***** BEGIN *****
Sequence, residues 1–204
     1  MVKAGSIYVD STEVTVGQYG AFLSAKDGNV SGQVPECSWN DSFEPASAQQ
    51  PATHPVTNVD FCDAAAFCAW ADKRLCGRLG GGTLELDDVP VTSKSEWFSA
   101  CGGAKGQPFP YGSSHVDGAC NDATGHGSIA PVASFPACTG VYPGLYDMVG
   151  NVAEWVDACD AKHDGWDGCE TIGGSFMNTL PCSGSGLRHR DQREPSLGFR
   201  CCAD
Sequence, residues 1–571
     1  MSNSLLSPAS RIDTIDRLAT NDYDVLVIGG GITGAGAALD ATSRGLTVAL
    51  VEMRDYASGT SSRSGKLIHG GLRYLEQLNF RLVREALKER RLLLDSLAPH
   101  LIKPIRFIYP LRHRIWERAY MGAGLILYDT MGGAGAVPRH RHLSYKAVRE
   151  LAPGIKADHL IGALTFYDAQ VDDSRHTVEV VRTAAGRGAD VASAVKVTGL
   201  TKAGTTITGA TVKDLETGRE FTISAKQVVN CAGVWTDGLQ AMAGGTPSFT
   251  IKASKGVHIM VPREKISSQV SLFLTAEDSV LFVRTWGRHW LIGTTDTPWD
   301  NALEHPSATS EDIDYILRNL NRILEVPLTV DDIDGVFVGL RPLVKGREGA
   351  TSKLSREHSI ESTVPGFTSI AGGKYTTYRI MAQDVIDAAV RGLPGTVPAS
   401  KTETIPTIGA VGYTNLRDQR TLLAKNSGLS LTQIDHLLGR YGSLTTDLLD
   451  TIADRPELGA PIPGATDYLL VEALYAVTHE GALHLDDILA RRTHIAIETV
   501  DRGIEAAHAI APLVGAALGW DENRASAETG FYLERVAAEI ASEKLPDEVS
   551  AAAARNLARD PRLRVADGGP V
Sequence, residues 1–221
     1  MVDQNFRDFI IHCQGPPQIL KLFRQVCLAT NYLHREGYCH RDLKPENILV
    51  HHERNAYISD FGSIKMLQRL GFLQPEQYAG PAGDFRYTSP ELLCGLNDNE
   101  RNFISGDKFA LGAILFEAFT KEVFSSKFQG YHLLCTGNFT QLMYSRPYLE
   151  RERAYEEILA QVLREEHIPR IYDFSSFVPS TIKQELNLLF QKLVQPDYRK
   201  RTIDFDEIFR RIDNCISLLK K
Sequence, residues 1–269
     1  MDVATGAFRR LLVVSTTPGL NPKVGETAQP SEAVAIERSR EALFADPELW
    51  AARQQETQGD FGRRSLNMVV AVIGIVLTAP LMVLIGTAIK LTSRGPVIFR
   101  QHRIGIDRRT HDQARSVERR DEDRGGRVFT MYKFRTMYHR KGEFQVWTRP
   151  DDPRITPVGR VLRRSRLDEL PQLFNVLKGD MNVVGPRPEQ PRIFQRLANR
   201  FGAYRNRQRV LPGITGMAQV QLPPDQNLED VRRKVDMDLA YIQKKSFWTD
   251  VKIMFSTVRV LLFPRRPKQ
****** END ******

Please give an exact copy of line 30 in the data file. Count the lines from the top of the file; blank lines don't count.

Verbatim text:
   151  DDPRITPVGR VLRRSRLDEL PQLFNVLKGD MNVVGPRPEQ PRIFQRLANR